Transplant Care for Garden Plants, Printer-friendly format (transplantcaredoc)

Transplant Care for Garden Plants

by Don Janssen, Extension Educator

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Transplants are the way to go with tomatoes and dozens of other annual flowers and vegetables common in Nebraska gardens. Transplants give long-season crops a chance to produce before fall frost and mean that annual flowers begin to bloom weeks earlier than they would if they'd been planted from seed.

The key to success with transplants is selecting healthy young plants and handling them properly.

Transplants should be stocky and compact with healthy-looking foliage. Green foliage should be a rich dark green, not pale or yellow, and free of spots that might indicate disease. Colored foliage -- as on coleus, for instance -- should be free of discoloration or signs of disease. Wilted foliage may mean the plant needs water; it can also be a sign of root rot or other disease problems.

Though it's nice to see annuals or perennials in flower, the best transplants are those without flowers or fruits. Right after planting, transplants need to concentrate on establishing a large, strong root system. If they've already switched from vegetative growth to flower or fruit production, they will not be able to do this and will struggle through the season on an inadequate root system.

The shock of going directly from the sheltered greenhouse environment to the garden can stop plants' growth or even kill them. Easing transplants into the garden in stages gives them a chance to get accustomed to outdoor conditions gradually. Start by setting flats outdoors in a protected area for a few hours on warm, sunny days and decrease watering somewhat. Increase the time that plants spend outside each day for several days. This process, called hardening, reduces the amount of transplant shock the plants suffer when they're set in the garden.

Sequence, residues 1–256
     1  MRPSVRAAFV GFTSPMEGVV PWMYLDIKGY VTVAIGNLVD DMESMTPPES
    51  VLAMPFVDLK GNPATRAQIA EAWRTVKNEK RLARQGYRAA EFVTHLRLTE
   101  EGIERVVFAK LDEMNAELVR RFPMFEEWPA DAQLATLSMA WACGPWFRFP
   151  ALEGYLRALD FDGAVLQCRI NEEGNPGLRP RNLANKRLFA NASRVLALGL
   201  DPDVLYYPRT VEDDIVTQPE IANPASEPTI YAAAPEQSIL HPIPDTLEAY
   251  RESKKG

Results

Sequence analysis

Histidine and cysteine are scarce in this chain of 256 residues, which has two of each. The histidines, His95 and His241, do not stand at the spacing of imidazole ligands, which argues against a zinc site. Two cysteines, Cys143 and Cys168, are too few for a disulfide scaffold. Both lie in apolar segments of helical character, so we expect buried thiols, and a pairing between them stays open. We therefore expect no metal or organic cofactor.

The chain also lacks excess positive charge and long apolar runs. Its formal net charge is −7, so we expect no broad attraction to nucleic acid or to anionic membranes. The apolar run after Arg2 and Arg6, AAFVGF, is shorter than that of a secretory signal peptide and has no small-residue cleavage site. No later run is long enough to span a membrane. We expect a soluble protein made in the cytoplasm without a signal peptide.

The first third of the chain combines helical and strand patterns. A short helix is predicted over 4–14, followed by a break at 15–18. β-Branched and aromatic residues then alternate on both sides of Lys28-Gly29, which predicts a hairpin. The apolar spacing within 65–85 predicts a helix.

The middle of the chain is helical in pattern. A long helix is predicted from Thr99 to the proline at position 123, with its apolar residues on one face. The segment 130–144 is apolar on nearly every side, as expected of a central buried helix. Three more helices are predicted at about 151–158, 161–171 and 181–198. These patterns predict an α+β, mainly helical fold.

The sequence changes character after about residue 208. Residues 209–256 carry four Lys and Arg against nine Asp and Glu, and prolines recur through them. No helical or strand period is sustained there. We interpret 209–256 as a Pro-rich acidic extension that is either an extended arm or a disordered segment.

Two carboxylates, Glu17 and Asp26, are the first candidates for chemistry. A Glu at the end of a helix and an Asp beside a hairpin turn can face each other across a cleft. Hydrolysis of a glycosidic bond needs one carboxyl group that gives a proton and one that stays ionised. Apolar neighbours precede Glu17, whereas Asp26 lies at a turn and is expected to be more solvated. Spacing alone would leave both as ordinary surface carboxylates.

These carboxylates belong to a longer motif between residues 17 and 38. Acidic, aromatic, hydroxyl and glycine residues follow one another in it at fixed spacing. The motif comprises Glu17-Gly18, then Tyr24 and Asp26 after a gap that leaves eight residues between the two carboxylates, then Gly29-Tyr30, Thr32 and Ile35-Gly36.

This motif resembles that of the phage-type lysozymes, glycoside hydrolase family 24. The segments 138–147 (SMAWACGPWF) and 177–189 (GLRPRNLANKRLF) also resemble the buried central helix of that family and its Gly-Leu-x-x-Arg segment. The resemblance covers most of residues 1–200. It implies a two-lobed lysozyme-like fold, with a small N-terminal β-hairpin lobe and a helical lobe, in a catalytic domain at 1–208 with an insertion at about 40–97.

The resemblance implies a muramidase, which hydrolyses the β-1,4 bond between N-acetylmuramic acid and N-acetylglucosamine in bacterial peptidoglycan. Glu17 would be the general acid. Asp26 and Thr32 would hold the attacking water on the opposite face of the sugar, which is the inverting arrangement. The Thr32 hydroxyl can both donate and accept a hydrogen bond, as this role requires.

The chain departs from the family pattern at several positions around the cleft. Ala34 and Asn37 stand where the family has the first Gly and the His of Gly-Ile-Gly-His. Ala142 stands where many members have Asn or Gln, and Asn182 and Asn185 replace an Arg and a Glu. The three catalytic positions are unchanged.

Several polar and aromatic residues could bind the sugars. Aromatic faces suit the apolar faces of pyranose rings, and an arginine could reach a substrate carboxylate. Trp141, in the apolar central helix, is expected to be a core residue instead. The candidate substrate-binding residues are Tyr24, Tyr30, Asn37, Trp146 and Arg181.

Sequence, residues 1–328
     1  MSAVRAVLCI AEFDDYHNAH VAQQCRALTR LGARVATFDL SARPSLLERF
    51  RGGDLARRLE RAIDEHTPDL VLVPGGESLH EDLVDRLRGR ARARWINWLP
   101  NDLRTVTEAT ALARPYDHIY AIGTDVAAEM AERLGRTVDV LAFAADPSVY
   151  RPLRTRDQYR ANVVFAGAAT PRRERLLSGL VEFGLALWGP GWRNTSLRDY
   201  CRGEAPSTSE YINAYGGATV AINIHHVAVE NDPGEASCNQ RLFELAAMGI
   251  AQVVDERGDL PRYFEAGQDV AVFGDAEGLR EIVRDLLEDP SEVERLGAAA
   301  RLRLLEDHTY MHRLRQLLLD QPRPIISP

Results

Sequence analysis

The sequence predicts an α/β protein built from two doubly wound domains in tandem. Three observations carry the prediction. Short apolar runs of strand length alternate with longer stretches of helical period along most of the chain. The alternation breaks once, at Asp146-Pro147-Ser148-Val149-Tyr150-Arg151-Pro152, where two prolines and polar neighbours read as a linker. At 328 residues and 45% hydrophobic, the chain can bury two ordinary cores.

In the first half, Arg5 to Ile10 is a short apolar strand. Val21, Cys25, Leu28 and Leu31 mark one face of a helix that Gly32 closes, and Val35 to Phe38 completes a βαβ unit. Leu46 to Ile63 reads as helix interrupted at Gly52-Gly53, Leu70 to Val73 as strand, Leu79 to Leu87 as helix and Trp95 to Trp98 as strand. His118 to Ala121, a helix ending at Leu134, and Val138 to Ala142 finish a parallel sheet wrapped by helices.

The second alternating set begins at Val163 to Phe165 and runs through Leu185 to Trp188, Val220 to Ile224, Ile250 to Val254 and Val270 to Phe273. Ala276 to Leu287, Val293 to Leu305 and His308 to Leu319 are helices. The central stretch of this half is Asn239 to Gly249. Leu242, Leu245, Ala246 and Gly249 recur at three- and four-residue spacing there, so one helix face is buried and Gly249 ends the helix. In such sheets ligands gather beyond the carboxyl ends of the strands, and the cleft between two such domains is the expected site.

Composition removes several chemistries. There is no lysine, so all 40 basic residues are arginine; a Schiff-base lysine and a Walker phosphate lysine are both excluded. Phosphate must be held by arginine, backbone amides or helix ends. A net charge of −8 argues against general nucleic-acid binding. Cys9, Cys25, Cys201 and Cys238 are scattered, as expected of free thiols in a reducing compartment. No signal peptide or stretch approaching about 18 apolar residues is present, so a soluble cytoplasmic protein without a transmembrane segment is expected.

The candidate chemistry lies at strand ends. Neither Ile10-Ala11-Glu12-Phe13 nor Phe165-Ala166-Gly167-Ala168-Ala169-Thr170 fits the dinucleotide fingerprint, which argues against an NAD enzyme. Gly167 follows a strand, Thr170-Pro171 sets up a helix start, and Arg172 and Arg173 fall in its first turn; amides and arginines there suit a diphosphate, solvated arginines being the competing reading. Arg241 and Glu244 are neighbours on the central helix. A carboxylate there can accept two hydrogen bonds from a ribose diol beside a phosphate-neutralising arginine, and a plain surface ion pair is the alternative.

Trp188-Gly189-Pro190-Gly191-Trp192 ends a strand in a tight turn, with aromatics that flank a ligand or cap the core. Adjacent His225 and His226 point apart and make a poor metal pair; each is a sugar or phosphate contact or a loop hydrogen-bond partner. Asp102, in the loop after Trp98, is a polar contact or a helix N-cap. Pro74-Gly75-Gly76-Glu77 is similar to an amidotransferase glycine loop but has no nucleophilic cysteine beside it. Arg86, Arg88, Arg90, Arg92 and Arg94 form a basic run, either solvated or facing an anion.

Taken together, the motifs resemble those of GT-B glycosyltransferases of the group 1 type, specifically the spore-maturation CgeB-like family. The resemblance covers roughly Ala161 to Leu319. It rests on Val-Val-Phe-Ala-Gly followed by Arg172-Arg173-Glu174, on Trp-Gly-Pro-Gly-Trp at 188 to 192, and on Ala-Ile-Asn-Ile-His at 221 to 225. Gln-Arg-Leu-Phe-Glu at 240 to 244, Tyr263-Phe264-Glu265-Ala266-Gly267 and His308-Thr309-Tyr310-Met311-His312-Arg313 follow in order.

At transplanting time, handle plants carefully to avoid damaging their roots and stems. If plants were grown in peat pots, soak the pots thoroughly before planting, and make sure the edge of the pot is completely covered -- if the lip is left exposed, it will wick water away from plant roots.

Plants in multicompartment containers should be well watered and removed from their cells with care and transferred quickly into the garden so their roots don't have a chance to dry out. All transplants should be watered in after transplanting so dry soil around them doesn't pull water away from their roots.

Often it isn't enough to just stick the plants in the ground and water -- newly set transplants may need protection against insects, frost and wind.

Cutworms are hairless caterpillars that snip off seedlings and transplants at or just below the soil surface. They're especially fond of pepper plants, though they may damage other plants, also. A 3- to 4-inch-wide strip of lightweight cardboard formed into a circle and pushed into the soil around each plant is usually all that's necessary to protect it.

Frost protection may be needed if warm-weather crops such as tomatoes and peppers are planted early or frost threatens after the usual frost-free date. Warm-weather crops shouldn't be planted until the soil has warmed up to 65 degrees and the average date of the last frost is past. They usually grow poorly, if at all, before that, so little is gained and the plants might be lost if they're planted too early.

Warming the soil with plastic mulch and protecting tender crops with milk jugs or commercial plant covers can extend the season and enable warm-weather crops to go into the garden before the frost-free date. Each gardener needs to balance the time, effort and expense involved against the desire to have the first red tomato on the block and make his or her decision accordingly.

Cool-weather crops such as broccoli, cabbage and other members of the cabbage family will tolerate cooler soil and air temperatures and even some light frost and so can be planted earlier.

All transplants are subject to wind damage. Commercial plant covers or caps, windbreaks of evergreen prunings and milk jugs with the bottoms cut out can be used to keep wind from flattening newly set transplants.

Even the healthiest transplants with the best handling will experience some root damage at transplanting. Until they get their roots established, the tops won't grow. To promote rooting, give plants a dose of high-phosphorus fertilizer at transplanting. Phosphorus is the most important nutrient for root growth.

(This resource was added March 2003 and appeared in the Lincoln Journal Star Newspaper Sunday edition. For information on reproducing this article or using any photographs or graphics, read the Terms of Use statement)

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University of Nebraska-Lincoln Extension in Lancaster County is your on-line yard and garden educational resource. The information on this Web site is valid for residents of southeastern Nebraska. It may or may not apply in your area. If you live outside southeastern Nebraska, visit your local Extension office